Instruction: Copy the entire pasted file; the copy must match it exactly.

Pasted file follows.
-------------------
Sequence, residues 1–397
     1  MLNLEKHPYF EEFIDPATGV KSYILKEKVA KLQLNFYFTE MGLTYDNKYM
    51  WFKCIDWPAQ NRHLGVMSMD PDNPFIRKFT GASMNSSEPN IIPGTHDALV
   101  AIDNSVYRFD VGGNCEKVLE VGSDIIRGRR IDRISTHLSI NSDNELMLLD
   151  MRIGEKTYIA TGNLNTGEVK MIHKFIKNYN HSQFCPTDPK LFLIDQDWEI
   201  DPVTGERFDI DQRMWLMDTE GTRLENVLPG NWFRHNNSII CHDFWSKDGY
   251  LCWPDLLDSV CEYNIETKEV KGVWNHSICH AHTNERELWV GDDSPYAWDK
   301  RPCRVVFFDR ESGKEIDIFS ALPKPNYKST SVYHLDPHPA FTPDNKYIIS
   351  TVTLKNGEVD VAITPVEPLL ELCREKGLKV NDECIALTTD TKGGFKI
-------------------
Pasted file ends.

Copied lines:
Sequence, residues 1–397
     1  MLNLEKHPYF EEFIDPATGV KSYILKEKVA KLQLNFYFTE MGLTYDNKYM
    51  WFKCIDWPAQ NRHLGVMSMD PDNPFIRKFT GASMNSSEPN IIPGTHDALV
   101  AIDNSVYRFD VGGNCEKVLE VGSDIIRGRR IDRISTHLSI NSDNELMLLD
   151  MRIGEKTYIA TGNLNTGEVK MIHKFIKNYN HSQFCPTDPK LFLIDQDWEI
   201  DPVTGERFDI DQRMWLMDTE GTRLENVLPG NWFRHNNSII CHDFWSKDGY
   251  LCWPDLLDSV CEYNIETKEV KGVWNHSICH AHTNERELWV GDDSPYAWDK
   301  RPCRVVFFDR ESGKEIDIFS ALPKPNYKST SVYHLDPHPA FTPDNKYIIS
   351  TVTLKNGEVD VAITPVEPLL ELCREKGLKV NDECIALTTD TKGGFKI